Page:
• While store brands in places like Whole Foods and Trader Joe’s didn’t always come in cheaper than name brands, CR says that products at Target, Sam’s Club, Walmart and Costco consistently registered as among the lowest-priced in every category. A majority of Sam’s Club products came in at 50% to 60 % less expensive than name brands – though shoppers should be prepared to buy super-sized packages when looking for deals in a grocery warehouse.

CR is quick to point out that, in terms of taste, store brands aren’t necessarily an exact duplicate of national brands. According to one of the magazine’s senior editors, “They may be equal in quality, but have a different flavor profile based on ingredients or recipe.”

Even so, store brands are making a difference in how consumers shop for groceries – one that looks to stick around for a while. Phil Lempert, editor of, points out that store brands have improved over the last few years, both in terms of packaging and overall quality.

His prediction? Look for store brands to continue to siphon away market share away from the name brands. And that’s not just factoring in the price and taste quotients. “There’s no risk to the consumer here,” Lempert told CNBC, which reported on CR’s story. “Store brands come with a money-back guarantee. If you don’t like it, just bring it back.”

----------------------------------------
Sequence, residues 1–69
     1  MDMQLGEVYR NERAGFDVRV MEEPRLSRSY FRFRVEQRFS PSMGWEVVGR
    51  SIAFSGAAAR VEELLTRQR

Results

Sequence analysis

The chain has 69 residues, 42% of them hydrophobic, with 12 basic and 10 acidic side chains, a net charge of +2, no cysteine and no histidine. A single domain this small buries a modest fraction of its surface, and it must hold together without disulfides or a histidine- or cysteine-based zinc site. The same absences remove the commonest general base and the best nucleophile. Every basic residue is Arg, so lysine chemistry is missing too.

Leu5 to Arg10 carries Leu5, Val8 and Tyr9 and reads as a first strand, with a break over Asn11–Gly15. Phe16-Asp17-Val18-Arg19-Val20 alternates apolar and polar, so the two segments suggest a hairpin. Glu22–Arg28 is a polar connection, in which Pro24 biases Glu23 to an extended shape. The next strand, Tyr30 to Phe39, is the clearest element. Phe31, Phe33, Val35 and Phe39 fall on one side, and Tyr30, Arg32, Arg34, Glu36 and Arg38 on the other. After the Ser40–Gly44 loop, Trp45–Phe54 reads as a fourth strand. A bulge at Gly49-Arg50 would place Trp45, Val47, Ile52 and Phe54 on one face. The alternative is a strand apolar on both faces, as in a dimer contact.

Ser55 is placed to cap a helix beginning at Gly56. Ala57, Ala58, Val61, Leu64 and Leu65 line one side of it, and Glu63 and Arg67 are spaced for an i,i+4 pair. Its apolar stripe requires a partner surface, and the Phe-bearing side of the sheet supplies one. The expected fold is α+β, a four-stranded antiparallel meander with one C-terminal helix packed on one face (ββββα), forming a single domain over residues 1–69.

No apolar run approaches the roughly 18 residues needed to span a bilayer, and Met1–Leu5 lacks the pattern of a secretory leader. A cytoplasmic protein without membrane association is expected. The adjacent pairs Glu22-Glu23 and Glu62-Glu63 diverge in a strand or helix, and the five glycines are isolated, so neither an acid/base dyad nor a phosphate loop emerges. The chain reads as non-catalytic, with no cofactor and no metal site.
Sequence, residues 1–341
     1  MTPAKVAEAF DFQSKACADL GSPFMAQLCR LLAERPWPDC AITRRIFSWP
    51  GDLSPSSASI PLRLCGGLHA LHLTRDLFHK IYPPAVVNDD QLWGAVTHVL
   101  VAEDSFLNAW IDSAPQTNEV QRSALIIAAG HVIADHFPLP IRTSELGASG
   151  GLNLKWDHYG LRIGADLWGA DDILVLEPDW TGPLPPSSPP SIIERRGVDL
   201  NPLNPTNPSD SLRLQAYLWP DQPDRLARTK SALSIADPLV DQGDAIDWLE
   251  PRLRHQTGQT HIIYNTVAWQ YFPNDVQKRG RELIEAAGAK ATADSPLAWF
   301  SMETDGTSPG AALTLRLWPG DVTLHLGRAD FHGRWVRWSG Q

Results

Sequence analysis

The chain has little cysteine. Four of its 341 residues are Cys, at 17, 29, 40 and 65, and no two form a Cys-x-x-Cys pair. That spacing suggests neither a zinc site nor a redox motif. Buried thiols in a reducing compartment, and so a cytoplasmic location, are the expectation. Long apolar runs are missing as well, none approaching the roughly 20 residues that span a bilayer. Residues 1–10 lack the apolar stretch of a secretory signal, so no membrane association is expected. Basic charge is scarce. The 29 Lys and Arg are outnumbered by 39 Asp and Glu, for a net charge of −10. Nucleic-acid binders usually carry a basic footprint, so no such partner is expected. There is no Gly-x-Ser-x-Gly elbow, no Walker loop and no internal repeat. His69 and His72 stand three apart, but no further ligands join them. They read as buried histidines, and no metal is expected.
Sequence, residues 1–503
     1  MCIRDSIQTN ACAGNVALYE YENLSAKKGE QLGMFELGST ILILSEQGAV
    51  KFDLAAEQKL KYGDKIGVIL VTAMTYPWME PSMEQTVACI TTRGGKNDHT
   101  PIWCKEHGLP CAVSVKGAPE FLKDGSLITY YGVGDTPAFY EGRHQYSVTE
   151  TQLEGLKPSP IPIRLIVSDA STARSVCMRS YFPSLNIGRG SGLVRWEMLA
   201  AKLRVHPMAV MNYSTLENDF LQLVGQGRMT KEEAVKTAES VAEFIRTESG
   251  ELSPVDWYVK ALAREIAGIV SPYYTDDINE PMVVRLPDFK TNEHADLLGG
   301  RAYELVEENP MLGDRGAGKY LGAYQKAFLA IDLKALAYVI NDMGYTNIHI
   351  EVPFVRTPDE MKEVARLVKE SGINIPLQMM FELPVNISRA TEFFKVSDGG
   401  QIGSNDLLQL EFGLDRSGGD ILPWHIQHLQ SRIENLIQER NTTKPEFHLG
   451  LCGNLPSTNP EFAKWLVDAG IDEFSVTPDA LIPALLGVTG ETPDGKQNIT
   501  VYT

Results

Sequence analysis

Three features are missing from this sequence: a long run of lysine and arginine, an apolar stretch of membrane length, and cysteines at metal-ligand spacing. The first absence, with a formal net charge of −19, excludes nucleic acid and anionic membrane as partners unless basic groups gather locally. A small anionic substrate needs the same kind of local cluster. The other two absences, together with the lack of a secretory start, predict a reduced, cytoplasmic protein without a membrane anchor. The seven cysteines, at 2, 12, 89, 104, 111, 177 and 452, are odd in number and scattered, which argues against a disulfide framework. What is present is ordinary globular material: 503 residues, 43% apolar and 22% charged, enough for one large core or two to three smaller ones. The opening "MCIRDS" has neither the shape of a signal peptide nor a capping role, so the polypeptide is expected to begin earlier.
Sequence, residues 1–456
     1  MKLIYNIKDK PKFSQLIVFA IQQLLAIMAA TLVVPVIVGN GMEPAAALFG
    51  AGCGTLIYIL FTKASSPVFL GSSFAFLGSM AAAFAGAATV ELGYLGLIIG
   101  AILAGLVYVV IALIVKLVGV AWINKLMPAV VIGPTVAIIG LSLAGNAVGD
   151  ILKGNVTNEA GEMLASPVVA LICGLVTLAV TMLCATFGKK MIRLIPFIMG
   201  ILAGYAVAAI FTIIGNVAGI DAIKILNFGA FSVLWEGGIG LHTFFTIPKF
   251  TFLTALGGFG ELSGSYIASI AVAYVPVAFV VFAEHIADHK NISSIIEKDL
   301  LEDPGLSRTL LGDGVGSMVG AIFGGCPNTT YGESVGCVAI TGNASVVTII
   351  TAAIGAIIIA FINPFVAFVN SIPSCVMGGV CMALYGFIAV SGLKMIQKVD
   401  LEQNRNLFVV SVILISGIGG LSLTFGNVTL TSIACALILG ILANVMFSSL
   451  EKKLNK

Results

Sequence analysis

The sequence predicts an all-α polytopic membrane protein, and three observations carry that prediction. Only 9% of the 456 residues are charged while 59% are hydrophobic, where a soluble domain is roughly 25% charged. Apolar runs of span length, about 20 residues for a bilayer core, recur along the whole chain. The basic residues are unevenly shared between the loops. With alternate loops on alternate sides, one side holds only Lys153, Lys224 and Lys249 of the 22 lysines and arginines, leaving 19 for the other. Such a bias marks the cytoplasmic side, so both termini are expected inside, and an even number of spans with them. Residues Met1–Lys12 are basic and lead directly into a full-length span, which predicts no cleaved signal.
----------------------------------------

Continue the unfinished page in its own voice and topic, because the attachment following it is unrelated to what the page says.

Staying on message

All unwell and disturbing, if your job is to usher a famous food brand through the marketing paces.

Or is it?

While slicker packaging, improved recipes and lower prices are likely to hold consumer interest for a while, people usually clue in pretty quickly to superficial or minor differences. Unless that no-name spaghetti sauce really and honestly tastes better than what a consumer has been used to from their favorite name brand, chances are they’ll be willing to spend a half a buck or even more to get what hooked their taste buds in the first place.

There’s also the idea that some shoppers only turn to store brands for low-priced basics like flour and sugar. When shopping for fresh items like meat and produce, however, those same shoppers just might opt to complement their planned weekly dinner menu with brands they know and trust. Especially when marketers have succeeded in strongly suggesting that, say, a burger is only great when it’s topped with a name-brand condiment. Or that salads really do taste better when accompanied by name-brand dressings.

In other words, marketers need to continue to play to their brands’ respective strengths. Which just might include staging a few taste tests of their own, possibly in combination with other national brands that complement their products. Grey Poupon gourmet on a Hebrew National hot dog, for instance, sounds a whole lot tastier than army-issue yellow goop on an Acme frank.

After all, the taste-test showdown served as valuable TV-commercial fodder when Coke and Pepsi went head to head a few years back.

Remind us which one won again?